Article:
Partner Content: Dropbox revamps MDF to help the channel thrive

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Partner Content: Dropbox revamps MDF to help the channel thrive

Dropbox wants to help its channel partners generate strong order pipelines and sales, grow new business opportunities, and increase their return on investment (ROI). So says Alex Behrendt, UK&I Channel Sales Manager for the cloud storage and collaboration provider.

Accordingly, Dropbox has revamped its marketing development funds (MDF) programme, which finances reseller marketing drives - including email, content production, telemarketing, and training - and provides a broad range of supporting content.

The revamped initiative makes it simpler for resellers to work with the company and get the best results from that relationship. In this way the channel can prosper alongside its clients, he says.

Every tier of the Dropbox channel - Distributors, Elite Partners, Select Partners, and Registered Partners - is eligible for MDF, plus free licences to aid sales.

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Dropbox is also supporting the channel with three levels of certification: DCA (Dropbox Certified Admin); DCS (Dropbox Certified Seller); and HCP (HelloSign Certified Professional) for its digital signature offering.

"There's a dedicated team looking after the channel, so new customers can expect a voice on the other end of the line and a friendly face to help them get started," says Behrendt of the company's personal touch. "It's support from the get-go."

However, it's important to get your application in early, as the MDF programme works on a first-come, first-served basis, he adds. Simply reach out to Dropbox, submit your funding application and discuss it with the company, then execute your campaign and feedback the results.

Dropbox MDF covers a broad range of sales and marketing activities, from email, telemarketing, and content production to live or virtual events and trade shows, plus support for the training needs of specialist personnel.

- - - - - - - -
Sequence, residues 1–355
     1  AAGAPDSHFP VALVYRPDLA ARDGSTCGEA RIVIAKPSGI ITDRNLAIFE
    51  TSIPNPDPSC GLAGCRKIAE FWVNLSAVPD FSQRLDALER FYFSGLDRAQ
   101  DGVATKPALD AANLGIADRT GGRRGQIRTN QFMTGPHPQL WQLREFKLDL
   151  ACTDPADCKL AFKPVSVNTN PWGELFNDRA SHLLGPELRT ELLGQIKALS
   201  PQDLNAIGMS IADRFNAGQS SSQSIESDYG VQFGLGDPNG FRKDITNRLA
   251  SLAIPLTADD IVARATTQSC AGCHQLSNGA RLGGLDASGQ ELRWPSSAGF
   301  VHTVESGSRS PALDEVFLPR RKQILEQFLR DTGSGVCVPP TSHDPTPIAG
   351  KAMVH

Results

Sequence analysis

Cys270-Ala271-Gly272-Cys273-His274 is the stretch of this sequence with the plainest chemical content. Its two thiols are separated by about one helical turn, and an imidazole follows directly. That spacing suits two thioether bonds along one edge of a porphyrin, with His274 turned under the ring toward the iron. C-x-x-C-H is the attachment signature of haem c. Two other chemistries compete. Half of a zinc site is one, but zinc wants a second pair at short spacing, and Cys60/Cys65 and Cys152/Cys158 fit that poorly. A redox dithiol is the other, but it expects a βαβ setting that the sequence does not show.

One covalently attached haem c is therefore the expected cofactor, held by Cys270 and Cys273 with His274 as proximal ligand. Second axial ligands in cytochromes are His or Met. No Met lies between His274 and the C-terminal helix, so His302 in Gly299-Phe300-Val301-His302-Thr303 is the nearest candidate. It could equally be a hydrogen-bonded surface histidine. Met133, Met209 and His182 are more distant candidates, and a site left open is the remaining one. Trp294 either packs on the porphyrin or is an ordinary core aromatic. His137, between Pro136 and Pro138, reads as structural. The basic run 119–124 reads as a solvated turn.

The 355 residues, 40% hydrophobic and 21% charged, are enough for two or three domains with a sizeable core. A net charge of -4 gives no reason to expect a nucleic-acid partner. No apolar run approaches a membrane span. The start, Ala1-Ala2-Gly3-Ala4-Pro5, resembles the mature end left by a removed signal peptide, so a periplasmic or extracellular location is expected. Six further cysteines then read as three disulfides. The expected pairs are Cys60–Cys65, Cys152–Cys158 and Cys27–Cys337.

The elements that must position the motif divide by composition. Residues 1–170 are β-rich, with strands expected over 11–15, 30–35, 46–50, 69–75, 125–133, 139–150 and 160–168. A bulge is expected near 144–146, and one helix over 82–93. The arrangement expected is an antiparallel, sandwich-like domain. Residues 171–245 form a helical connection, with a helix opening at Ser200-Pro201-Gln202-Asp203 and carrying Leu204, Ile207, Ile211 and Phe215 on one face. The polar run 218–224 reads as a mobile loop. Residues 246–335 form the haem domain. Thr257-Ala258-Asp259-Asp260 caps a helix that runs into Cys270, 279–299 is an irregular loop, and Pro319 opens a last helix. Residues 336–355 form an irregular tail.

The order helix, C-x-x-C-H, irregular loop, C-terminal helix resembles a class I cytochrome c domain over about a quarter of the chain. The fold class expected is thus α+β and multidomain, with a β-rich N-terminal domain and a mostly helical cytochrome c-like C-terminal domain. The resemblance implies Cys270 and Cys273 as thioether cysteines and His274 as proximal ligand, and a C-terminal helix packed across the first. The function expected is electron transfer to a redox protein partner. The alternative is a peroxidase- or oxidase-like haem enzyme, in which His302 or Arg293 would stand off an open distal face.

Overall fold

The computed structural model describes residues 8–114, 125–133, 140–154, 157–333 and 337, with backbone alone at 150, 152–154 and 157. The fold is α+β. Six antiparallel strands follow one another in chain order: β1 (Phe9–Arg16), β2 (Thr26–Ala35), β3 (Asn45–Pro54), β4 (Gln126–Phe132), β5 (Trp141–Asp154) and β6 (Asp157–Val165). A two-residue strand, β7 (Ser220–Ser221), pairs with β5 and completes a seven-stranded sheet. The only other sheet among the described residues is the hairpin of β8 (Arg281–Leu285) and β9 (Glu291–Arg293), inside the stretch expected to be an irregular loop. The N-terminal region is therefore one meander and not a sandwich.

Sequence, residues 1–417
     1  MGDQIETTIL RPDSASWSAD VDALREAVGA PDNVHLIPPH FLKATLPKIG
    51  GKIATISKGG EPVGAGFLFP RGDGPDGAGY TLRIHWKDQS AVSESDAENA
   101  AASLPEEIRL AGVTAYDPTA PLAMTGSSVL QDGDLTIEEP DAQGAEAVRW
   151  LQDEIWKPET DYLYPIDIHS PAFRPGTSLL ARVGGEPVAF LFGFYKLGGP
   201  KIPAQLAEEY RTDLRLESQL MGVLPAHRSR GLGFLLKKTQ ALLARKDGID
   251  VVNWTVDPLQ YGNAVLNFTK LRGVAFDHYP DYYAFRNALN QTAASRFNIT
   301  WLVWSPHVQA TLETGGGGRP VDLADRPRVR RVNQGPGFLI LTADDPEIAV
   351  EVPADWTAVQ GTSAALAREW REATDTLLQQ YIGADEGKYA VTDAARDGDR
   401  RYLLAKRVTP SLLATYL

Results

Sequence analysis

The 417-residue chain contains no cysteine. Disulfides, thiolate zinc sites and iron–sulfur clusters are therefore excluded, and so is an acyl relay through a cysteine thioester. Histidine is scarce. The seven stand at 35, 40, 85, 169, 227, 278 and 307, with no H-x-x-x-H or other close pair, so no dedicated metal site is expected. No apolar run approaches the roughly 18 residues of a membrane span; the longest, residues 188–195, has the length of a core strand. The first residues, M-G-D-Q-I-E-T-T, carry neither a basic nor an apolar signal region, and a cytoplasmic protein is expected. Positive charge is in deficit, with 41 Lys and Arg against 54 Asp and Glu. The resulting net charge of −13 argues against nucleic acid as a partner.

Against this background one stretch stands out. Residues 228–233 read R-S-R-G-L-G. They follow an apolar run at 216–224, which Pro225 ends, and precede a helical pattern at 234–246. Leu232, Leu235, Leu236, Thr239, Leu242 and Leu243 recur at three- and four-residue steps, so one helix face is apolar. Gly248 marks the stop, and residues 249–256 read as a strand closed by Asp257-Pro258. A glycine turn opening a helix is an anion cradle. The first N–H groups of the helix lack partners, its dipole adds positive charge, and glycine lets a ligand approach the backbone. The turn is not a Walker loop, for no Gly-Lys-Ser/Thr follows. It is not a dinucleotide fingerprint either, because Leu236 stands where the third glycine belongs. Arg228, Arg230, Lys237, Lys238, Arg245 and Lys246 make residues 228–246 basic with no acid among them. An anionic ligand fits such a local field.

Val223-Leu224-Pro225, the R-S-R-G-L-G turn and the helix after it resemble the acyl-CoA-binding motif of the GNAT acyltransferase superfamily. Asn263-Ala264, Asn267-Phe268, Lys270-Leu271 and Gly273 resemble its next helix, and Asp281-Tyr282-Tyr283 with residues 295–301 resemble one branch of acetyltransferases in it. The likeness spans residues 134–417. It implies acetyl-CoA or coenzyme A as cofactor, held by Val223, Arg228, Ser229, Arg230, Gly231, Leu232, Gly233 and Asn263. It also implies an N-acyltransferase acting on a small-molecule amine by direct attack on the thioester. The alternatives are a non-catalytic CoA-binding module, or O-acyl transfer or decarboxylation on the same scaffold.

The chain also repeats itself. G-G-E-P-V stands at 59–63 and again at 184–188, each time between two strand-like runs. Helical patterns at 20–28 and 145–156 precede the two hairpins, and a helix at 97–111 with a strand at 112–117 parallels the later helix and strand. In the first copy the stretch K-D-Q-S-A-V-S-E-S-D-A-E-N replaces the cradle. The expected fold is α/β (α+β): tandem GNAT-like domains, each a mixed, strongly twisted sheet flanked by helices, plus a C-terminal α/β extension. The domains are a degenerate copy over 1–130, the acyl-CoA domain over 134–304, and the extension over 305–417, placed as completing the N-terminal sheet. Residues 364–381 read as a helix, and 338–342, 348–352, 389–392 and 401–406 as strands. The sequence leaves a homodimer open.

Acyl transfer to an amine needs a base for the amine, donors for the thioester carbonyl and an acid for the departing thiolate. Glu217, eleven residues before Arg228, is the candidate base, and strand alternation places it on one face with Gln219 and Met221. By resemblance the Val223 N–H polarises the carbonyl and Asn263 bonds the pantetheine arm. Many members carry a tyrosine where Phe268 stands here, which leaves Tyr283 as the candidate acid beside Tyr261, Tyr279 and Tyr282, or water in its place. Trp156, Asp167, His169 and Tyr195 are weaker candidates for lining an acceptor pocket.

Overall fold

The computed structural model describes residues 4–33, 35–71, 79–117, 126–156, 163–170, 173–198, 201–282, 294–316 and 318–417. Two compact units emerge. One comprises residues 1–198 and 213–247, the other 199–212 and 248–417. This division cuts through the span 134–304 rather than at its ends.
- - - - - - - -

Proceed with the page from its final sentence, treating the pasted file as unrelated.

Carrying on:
Depending on the activity, up to 100% reimbursement is available. But Dropbox wants something in return: "It's important to share your results, says Behrendt. "Partner feedback helps us shape the programme. If we know what's generating results, it helps us to help you.

"The team at Dropbox isn't here to tell you how to do what you do. We want to share what works for other partners - and learn what works for you."

Channel partners should set clear objectives, measure their progress, and flag up to Dropbox any deals that come in via the MDF scheme. All of this helps the company, which has a market capitalisation of $9.5 billion, to fine-tune its channel offerings.

Of course, each reseller or distributor will have its own approach to marketing, whether that is via specialist teams, marketing automation, social selling, in-house branded content, online advertising, or simply reaching out via email.

Dropbox aims to support its partners across every marcomms channel with its Campaign in a Box offering, which includes email templates, rich content assets, customisable banners, draft copy libraries, and more.

Also available is a fully customisable eBook that can be used to generate new leads or send out to clients and prospects.

Sample call scripts, pitches, case studies, standard questions, and conversation starters are included too, based on common customer pain-points. For the channel, the key is to demonstrate that it understands clients' businesses, including the everyday problems they can solve using collaborative tools.

Via the MDF programme, partners can choose a basic, automated, or sprint approach, from selecting elements, identifying a channel or journey, and following up by phone or email, to building landing pages, scheduling campaigns, testing audiences, and building a reporting mechanism, to running spiffs or gamifying programmes.

"Connect with our dedicated channel team and we will connect you with what's driving success for partners like you - and the next level up," says Behrendt.

Learn more about Dropbox's approach to MDF and monetising the remote working revolution here

 

This article is funded by Dropbox

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